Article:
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Suppose we have two variables $x_1$ and $x_2$ and an interaction term $x_1 \cdot x_2$. Suppose we set the family-wise error rate to $\alpha = 0.05$. For the Bonferroni correction, would we look at $\alpha/2$ or $\alpha/3$?

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    $\begingroup$ Just out of curiosity, are you also the person behind this question: assessing-approximate-distribution-of-data-based-on-a-histogram, & this question: what-is-the-intuition-behind-conditional-gaussian-distributions? (The usernames seem similar to me.) If so, would you mind registering your account, & then merging these into 1 account? We're happy to help you, but this makes the site run smoother. $\endgroup$ Commented Oct 17, 2013 at 15:01
  • $\begingroup$ Why do you want to do that? In all of the scientific literature I know, different main and interaction effects of an ANOVA are not considered as members of the same family of comparisons. In other words, alpha is controlled for each effect by itself. Multiple comparisons are corrected for only when simple effects are tested. $\endgroup$ Commented Oct 17, 2013 at 19:47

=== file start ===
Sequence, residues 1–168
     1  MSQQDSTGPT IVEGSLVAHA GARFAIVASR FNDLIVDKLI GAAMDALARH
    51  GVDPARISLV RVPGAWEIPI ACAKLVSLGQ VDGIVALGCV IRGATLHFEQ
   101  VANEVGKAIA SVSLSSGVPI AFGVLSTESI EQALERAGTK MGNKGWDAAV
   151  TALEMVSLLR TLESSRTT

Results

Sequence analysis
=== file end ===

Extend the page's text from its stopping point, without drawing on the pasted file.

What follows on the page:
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    $\begingroup$ That's true, @Tal, but it's simply due to tradition. That is, it's what people do because it's what people do. There is a legitimate question about whether it is the best way to go about things. Even if you believe the appropriate answer here is "no" (which is undoubtedly a defensible position), this is certainly a question worth asking. $\endgroup$ Commented Oct 17, 2013 at 20:11
  • $\begingroup$ You are doing three tests, so its $\alpha/3$. (I'd prefer the less conservative Bonferroni-Holm correction, which is almost as simple to apply). @Tal: Setting a global error in modelling would successfully avoid people doing p-value based variable selection... $\endgroup$
    – Michael M
    Commented Oct 18, 2013 at 7:55
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    $\begingroup$ @Tal, this paper actually address the issue: Cramer, A. O. J., van Ravenzwaaij, D., Matzke, D., Steingroever, H., Wetzels, R., Grasman, R. P. P. P., … Wagenmakers, E.-J. (2016). Hidden multiplicity in exploratory multiway ANOVA: Prevalence and remedies. Psychonomic Bulletin & Review, 23(2), 640–647. doi.org/10.3758/s13423-015-0913-5 $\endgroup$ Commented Jul 18, 2017 at 14:51

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If you're testing the significance of $x_1$, $x_2$, and $x_1x_2$, then you're doing three comparisons, so if you want to use a Bonferroni (or Holm-Bonferroni) correction, it should correct for three comparisons, using $α/3$.

(As mentioned in the comments, you should use the Holm-Bonferroni rather than the Bonferroni, since the Holm-Bonferroni is uniformly more powerful and is applicable in all the same situations as the Bonferroni.)

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